Does Aid Work? Is That the Right Question?

By Jonathan Cali
posted on February 9, 2014 in Global Development

With traditional donor countries in North America and Western Europe facing budget constraints, the debate over the effectiveness of aid is likely to continue. Before this issue is debated, practitioners and academics must first establish what the purpose of aid is, how the impact of aid and international development organizations should be evaluated, and what types and amounts of assistance are most beneficial in each circumstance.

Firstly, aid and other development assistance can serve two general purposes. One of these purposes is not to turn poor countries into rich countries. The process of development is incredibly complex, and often involves the complete political, economic, and social (and sometimes cultural) transformation of a nation and its people.  There is still much debate on the causes of development, but domestic governments, businesses, and social groups, not foreign donors, are the driving forces of development.  

What aid can do is to a) contribute to the process of development through small, yet important contributions at key moments to feed a virtuous circle, or b) help to relieve the suffering caused by extreme poverty. Contributions that spark a virtuous circle may include the transfer of technology or training that improves agricultural productivity, lays the foundation for start-up businesses, or drastically improves the ability of government ministries to do their jobs. The additional income from agriculture or a new industry, or better public management could lead to better policy, increased economic growth, and eventually development and poverty reduction. Interventions that relieve the suffering of the poor include the elimination of infectious diseases, programs to improve and expand education, and micro-lending to help poor people start small businesses. In one example of this type of aid, this author is working on a project with the Inter-American Development Bank to reduce the burden of Elephantiasis and other tropical diseases in Latin America.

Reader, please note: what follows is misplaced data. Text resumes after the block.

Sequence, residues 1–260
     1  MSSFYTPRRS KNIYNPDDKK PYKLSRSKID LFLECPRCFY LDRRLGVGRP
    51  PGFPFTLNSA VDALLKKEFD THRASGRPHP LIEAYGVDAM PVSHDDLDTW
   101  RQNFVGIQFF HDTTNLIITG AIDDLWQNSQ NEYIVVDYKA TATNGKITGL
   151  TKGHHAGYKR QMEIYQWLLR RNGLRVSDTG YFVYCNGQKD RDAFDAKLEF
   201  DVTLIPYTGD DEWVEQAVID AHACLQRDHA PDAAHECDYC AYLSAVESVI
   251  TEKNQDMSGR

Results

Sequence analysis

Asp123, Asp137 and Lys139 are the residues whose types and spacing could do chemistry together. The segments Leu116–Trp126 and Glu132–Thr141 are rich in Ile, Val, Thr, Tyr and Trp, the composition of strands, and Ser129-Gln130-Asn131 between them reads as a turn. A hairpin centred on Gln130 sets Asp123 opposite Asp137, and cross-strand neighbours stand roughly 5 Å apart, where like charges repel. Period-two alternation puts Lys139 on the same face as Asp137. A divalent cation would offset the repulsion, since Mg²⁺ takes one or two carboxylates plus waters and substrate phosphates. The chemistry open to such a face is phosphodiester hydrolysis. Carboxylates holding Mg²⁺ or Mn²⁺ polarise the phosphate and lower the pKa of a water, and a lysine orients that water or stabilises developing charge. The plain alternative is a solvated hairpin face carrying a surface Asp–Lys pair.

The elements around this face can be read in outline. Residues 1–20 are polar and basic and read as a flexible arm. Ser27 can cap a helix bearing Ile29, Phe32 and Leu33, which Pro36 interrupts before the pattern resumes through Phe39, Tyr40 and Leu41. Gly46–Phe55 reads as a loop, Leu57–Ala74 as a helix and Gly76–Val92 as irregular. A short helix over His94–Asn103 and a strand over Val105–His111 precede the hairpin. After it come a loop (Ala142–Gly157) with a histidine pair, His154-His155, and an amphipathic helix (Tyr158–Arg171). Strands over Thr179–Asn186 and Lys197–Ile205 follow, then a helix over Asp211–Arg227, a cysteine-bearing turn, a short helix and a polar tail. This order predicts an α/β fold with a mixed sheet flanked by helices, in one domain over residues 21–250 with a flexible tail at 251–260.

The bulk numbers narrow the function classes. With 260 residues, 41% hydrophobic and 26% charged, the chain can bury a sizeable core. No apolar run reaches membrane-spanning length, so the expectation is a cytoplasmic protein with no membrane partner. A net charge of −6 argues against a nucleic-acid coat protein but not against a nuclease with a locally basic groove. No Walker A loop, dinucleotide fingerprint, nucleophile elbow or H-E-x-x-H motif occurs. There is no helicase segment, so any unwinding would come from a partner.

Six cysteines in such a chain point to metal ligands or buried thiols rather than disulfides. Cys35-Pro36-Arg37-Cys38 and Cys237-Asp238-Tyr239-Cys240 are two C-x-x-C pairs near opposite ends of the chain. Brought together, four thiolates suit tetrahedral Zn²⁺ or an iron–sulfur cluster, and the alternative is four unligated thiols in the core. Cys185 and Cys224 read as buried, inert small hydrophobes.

Now that we have defined the purpose of foreign aid, we need to change the way aid is evaluated. That being said, the effectiveness of assistance programs should be measured on an individual basis through randomized trials and other evaluation techniques. Policy-makers should ask if each program has achieved its objective: Has it created a virtuous circle of development? Has it relieved the suffering of the extreme poor? Foreign aid should not be evaluated based on how many countries “graduate” from poor to developed. Aid alone cannot achieve such an ambitious goal, and that is not its purpose.

Finally, understanding the purpose of aid should make it easier to determine what type of foreign assistance should be deployed in which context. Regions that are poor yet relatively stable are more likely to benefit from aid to spur a virtuous circle. The virtuous circle of development requires a peaceful and somewhat orderly environment that would allow local businesses and the government to take advantage of foreign assistance. Very poor, conflict-ridden countries and middle-income regions would benefit most from aid meant to relieve the suffering of the extreme poor. Conflict-prone, wildly unorganized regions are unlikely to be able to take advantage of a transfer of technology or capacity building, as combatants and dictators are free to disrupt aid projects or siphon off the funds for their own benefit.  Middle-income countries already have strong and growing economies and capable civil servants, and are less in need of transfers of technology and capacity building. Aid can still be used, however, to improve the lives of poor and marginalized populations that are not benefiting from economic growth.  

In a future article, I will expand on this idea that different types of aid should be targeted to different contexts, and discuss some case studies of countries in which aid was squandered or contributed to a virtuous circle of development.